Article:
So I guess we are all taking for granted that this blogging our day in a life is confined within a particular discursive framework, where there are expectations of a certain kind. I believe Digital Humanities, by embracing personal blogging for example, is emphasising the need to remember that the ‘humanist’ part of the term, understood here as concerning ‘the human’, does affect the way we relate to and think about ourselves as human beings and particularly in relation to technology.

I was thinking about this in the gym this morning. I try to go to the gym at least three times a week, but because I’m doing now a shorter routine I am trying to go every day. As someone who works sitting at the computer for at least 10 hours a day, going to the gym is a question of survival. Unlike what some people may think the gym is for me a place to think and concentrate. It is the quintessential physical space defined by interactive design. Working out in a gym, regardless of what kind of exercise we do or what machines we use, is based on human-machine interaction. What a piece of work is a human body! And even the simplest of weights is an amazing piece of machinery, designed with the human body in mind.

My gym is a small one but like many other gyms in the economically-developed world it’s a place for screens. Screens and mirrors: going to the gym is about monitoring human-machine interaction. To go in an infra-red scanner reads the barcode on my card, which shows my personal information, including my photo, on a computer screen. The cardiovascular machines have screens so you can monitor what you are doing: speed, intensity, different interval training programmes, etc. You can plug your headphones and choose to listen to one of the four giant plasma TV screens showing different information. Usually the gym’s PA will be playing the audio from the music channel, but you will also be seeing the news channel, the sports channel and whatever the other morning TV channel is. It’s a complete multimedia, multisensorial experience. ‘Total screen’, as Baudrillard would famously write.

There are of course other things that get acted out in a gym, so ’screen’ does not only mean here the machinery’s displays, CCTV cameras, workstations where personal trainers keep track of the members’ progress, TV screens, mirrors and more mirrors. The gym, like the library, is a place for inwardness: though many people think of it as a social activity and chat more than they train, when you go early in the morning we are usually people who are not fooling around: we are there to train, but we are all focusing on many things at the same time, usually what we have to do next. It’s sheer multitasking. (I do not carry my mobile phone with me when working out; some people do, which I find annoying. I do sometimes take my iPod though, and listen to podcasts, usually interviews or lectures related to my research topic I have missed in ‘real time’.)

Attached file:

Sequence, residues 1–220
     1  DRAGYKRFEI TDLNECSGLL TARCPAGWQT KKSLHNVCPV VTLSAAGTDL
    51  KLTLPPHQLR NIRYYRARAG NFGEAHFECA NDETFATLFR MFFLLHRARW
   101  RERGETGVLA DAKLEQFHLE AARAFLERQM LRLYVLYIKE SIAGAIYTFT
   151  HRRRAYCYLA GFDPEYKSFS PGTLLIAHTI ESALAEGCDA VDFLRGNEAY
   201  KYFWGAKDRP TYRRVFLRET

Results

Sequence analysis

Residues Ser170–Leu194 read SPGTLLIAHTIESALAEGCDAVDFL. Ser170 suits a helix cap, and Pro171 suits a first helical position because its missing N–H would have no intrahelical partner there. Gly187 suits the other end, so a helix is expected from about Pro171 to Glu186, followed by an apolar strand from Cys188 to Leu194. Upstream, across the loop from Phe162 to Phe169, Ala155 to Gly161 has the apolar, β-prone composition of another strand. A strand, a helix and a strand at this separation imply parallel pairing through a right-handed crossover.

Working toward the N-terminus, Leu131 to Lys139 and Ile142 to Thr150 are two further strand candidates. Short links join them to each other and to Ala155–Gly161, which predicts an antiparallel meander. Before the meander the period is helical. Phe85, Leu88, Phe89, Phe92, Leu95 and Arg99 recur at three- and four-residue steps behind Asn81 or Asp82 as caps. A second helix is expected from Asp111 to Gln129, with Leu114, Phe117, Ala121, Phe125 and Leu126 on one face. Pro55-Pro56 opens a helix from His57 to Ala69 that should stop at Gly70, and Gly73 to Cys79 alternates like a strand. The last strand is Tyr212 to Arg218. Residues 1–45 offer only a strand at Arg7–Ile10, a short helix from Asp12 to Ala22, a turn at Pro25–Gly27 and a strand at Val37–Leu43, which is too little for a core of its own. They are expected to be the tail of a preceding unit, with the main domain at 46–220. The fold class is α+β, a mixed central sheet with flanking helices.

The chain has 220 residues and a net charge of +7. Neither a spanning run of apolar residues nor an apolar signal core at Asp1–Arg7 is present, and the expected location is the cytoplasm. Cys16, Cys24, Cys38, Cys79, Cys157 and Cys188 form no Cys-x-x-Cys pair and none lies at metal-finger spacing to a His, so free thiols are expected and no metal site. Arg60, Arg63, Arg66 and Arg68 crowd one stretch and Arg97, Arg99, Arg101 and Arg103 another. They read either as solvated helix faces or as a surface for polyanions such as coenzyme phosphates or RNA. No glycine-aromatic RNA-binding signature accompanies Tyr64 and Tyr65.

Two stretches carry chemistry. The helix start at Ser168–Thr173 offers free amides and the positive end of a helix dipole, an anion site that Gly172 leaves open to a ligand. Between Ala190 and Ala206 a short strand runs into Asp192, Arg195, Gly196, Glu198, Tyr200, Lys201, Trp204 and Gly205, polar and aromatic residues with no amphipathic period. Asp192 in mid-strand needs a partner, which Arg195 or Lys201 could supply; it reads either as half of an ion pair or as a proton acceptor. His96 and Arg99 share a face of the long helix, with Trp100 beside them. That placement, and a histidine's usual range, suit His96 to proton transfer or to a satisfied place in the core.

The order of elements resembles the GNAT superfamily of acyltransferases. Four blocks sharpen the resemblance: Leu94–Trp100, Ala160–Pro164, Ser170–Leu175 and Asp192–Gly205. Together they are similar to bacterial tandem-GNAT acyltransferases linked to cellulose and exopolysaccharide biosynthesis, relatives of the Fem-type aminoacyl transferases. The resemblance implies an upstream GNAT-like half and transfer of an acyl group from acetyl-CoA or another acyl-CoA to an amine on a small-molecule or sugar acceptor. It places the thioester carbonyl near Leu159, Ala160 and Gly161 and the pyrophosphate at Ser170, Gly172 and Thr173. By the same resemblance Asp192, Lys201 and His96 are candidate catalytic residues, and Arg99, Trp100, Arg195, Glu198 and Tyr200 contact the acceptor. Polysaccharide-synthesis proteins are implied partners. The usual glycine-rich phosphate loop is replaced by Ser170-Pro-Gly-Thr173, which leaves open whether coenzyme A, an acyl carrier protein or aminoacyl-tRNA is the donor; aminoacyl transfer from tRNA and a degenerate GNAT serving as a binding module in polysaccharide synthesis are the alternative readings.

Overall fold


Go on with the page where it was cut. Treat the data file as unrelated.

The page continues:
Going to the gym has helped me to remain human while working with digital technology most of the hours of my day. Online research forces me to sit for long hours in frankly ‘dehumanising’ body postures. Beyond the obvious health benefits, the gym is for me a laboratory to think about what digital humanism is. In the gym I have thought about the importance to rethink the idea of ‘The Man Machine’ [YouTube video] towards an ongoing, ever-changing discussion of the relationship between machine and human body, and what makes us what we are or are becoming.

The previous 794 words have only covered one hour of my morning. Then come trains, laptop, mobile phone, underground transport, cash machines, library cards, passwords, power plugs, desks, library, work, work, work, and writing this in the library. I’ll post about that later today.

If you’ve taken the time to read all of the above, thank you.

My Day of DH: Lunchtime Update

I‘d written I would update the previous post instead of posting new ones as the day evolved, but I’ve realised that my day goes through so many different motions it may make more sense to have different posts so there are different ‘nodes’, so to speak, throughout my blogged day.